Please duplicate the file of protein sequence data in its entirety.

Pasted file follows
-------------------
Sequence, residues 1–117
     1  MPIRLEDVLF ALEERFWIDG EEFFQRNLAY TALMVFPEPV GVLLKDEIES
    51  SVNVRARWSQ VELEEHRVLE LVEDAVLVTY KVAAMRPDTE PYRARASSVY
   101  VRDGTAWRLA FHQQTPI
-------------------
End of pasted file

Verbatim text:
Sequence, residues 1–117
     1  MPIRLEDVLF ALEERFWIDG EEFFQRNLAY TALMVFPEPV GVLLKDEIES
    51  SVNVRARWSQ VELEEHRVLE LVEDAVLVTY KVAAMRPDTE PYRARASSVY
   101  VRDGTAWRLA FHQQTPI